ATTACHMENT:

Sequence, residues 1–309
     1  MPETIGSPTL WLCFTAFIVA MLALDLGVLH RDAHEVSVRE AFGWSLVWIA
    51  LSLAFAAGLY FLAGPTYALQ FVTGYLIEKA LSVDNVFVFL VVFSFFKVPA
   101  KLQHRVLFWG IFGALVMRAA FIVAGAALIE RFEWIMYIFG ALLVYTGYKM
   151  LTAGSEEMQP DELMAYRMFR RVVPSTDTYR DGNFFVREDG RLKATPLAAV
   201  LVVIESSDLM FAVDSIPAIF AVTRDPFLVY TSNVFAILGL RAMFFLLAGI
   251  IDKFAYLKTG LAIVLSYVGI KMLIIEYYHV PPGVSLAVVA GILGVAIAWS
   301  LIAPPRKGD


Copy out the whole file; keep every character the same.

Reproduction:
Sequence, residues 1–309
     1  MPETIGSPTL WLCFTAFIVA MLALDLGVLH RDAHEVSVRE AFGWSLVWIA
    51  LSLAFAAGLY FLAGPTYALQ FVTGYLIEKA LSVDNVFVFL VVFSFFKVPA
   101  KLQHRVLFWG IFGALVMRAA FIVAGAALIE RFEWIMYIFG ALLVYTGYKM
   151  LTAGSEEMQP DELMAYRMFR RVVPSTDTYR DGNFFVREDG RLKATPLAAV
   201  LVVIESSDLM FAVDSIPAIF AVTRDPFLVY TSNVFAILGL RAMFFLLAGI
   251  IDKFAYLKTG LAIVLSYVGI KMLIIEYYHV PPGVSLAVVA GILGVAIAWS
   301  LIAPPRKGD